Ash dieback is a serious disease of Ash trees caused by a fungus (Hymenoscyphus Fraxineus). The disease is spreading within the UK and causes leaf loss and crown dieback in affected trees and can lead to the death of the tree.
The Guiding principle
Ash die-back may have a huge impact on our present Ash population. Our aim is to effectively address the risks presented by the impact of Ash die-back and conserve Biosecurity.
No national or regional Welsh Government or NRW guidance has been supplied to local authorities or landowners regarding `Ash Die Back` therefore we have developed a common position dealing with every case on its own merit and crown reducing trees to a safe height which display significant die back and removing dangerous trees which are over 50% affected in accordance with the Tree Council recommendations – originally published in 2019.
What is RCT doing about Ash Die back?
Taking a planned approach, we are working through a program of tree works, to address not only the Ash dieback, but overhanging trees next to all of our major highway routes and to clear street lighting.
Our tree management program aims for all the A-roads to be completed within 2022, whilst also addressing any imminent concerns along the B-roads. Second stage will be to complete all B-roads by the end of 2023. Continuing tree work along the major highways in the next few months aims to remove the worst of the affected Ash and any dead or diseased trees.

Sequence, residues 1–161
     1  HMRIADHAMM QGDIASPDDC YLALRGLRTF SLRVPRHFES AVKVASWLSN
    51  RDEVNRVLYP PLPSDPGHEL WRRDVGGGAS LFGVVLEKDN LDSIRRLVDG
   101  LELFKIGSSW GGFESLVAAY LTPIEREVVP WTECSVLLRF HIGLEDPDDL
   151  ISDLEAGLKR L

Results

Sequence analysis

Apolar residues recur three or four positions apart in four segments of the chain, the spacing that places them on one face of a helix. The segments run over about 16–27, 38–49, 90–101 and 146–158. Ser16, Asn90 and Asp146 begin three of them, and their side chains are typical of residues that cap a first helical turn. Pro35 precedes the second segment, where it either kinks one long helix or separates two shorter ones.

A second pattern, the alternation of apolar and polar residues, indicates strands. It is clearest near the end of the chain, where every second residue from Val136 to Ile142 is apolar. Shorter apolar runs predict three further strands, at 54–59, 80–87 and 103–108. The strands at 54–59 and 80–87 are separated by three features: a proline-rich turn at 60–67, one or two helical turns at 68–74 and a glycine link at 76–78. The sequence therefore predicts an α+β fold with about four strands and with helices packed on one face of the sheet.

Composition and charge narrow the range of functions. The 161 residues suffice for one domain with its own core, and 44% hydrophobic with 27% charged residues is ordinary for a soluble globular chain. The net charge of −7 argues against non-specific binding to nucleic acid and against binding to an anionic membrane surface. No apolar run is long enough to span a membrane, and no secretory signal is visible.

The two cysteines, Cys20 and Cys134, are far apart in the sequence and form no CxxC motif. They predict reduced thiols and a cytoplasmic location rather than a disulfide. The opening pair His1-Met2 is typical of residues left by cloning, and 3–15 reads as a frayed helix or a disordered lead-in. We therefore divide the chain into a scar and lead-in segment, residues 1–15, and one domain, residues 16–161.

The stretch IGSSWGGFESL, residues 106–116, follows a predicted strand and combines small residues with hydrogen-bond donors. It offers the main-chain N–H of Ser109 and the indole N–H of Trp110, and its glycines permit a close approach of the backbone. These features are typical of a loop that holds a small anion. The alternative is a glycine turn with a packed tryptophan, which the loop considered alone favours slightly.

We apologise in advance for any inconvenience caused by the temporary traffic management needed to complete the aforementioned work.
Managing Ash Die Back in high-risk areas
We will always address any individually identified dead, diseased and dangerous trees, including the specific Ash Die Back, ensuring to prioritise actions when identified as a highways or public safety risk.
RCTCBC have also commissioned Tree surveys to identify trees of poor health or condition, growing upon public open spaces and in high risk areas. These are recorded for future recommended actions and monitoring purposes.
Stopping the Spread and recovery
We are taking a robust and precautionary approach to minimise the impact of this disease within the borough. Arisings from works to Ash trees suffering with die-back, such as branches and leafy brash are removed in line with Biosecurity to prevent the spread.
RCTCBC have put in place a Tree Planting program which we hope will alleviate some of the impact of felling due to Ash die-back and counterbalance the tree losses. These, with other tree planting schemes like the Queens Canopy, will ensure we continue to plant trees within RCT for future generations.
Reporting your concerns about Ash Die Back
To report any evidence of Ash Die Back on trees growing from Council Land, the location will be added to our Ash Die back list for inspection, please report this to 01443 425 001 or email email@example.com
To check whether the location is owned by the Council, please contact firstname.lastname@example.org or call 01443 281189
For all tree concerns growing from Private land, please express your concerns directly to the landowner.
To enquire as to whom the landowner is you will need to contact HM land registry on 0300 006 0411 or at the following link; https://www.gov.uk/get-information-about-property-and-land/search-the-register
Tree Councils Guide on Ash Die Back - https://treecouncil.org.uk/what-we-do/science-and-research/ash-dieback/public-guidance/
NRW Natural Resources Wales : https://naturalresources.wales/guidance-and-advice/business-sectors/forestry/tree-health-and-biosecurity/tree-health-in-wales/?lang=en
Forest Research - https://www.forestresearch.gov.uk/tools-and-resources/fthr/pest-and-disease-resources/ash-dieback-hymenoscyphus-fraxineus/